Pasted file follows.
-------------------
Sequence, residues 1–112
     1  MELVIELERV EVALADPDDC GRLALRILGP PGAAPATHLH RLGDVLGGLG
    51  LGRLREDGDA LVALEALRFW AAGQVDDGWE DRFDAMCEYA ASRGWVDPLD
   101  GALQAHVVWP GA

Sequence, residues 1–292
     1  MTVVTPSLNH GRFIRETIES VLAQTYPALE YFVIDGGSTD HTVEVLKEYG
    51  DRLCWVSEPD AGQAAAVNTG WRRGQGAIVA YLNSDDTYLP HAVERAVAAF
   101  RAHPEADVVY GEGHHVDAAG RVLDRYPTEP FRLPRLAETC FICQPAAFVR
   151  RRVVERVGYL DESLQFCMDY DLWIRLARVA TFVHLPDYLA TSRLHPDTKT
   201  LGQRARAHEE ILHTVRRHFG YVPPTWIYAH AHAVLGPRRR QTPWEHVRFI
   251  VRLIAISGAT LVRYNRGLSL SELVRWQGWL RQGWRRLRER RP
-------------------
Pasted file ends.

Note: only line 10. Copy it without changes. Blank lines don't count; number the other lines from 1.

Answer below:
   201  LGQRARAHEE ILHTVRRHFG YVPPTWIYAH AHAVLGPRRR QTPWEHVRFI